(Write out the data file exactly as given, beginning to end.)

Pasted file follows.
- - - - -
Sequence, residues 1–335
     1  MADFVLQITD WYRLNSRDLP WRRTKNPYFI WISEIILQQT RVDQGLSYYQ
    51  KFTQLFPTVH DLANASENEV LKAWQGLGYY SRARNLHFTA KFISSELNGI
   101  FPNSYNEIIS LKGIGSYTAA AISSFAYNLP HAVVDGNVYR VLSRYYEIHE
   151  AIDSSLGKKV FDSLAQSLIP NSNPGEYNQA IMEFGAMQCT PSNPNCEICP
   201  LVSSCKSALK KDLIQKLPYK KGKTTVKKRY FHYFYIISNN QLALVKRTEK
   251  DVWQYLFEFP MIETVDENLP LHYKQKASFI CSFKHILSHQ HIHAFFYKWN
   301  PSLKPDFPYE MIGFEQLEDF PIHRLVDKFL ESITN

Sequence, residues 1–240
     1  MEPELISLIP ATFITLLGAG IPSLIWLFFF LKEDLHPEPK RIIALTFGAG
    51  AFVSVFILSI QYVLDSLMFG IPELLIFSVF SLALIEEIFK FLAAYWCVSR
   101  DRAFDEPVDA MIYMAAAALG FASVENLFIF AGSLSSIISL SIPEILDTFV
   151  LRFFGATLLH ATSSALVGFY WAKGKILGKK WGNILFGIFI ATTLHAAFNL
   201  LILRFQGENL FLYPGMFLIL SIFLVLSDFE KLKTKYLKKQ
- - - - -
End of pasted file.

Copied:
Sequence, residues 1–335
     1  MADFVLQITD WYRLNSRDLP WRRTKNPYFI WISEIILQQT RVDQGLSYYQ
    51  KFTQLFPTVH DLANASENEV LKAWQGLGYY SRARNLHFTA KFISSELNGI
   101  FPNSYNEIIS LKGIGSYTAA AISSFAYNLP HAVVDGNVYR VLSRYYEIHE
   151  AIDSSLGKKV FDSLAQSLIP NSNPGEYNQA IMEFGAMQCT PSNPNCEICP
   201  LVSSCKSALK KDLIQKLPYK KGKTTVKKRY FHYFYIISNN QLALVKRTEK
   251  DVWQYLFEFP MIETVDENLP LHYKQKASFI CSFKHILSHQ HIHAFFYKWN
   301  PSLKPDFPYE MIGFEQLEDF PIHRLVDKFL ESITN

Sequence, residues 1–240
     1  MEPELISLIP ATFITLLGAG IPSLIWLFFF LKEDLHPEPK RIIALTFGAG
    51  AFVSVFILSI QYVLDSLMFG IPELLIFSVF SLALIEEIFK FLAAYWCVSR
   101  DRAFDEPVDA MIYMAAAALG FASVENLFIF AGSLSSIISL SIPEILDTFV
   151  LRFFGATLLH ATSSALVGFY WAKGKILGKK WGNILFGIFI ATTLHAAFNL
   201  LILRFQGENL FLYPGMFLIL SIFLVLSDFE KLKTKYLKKQ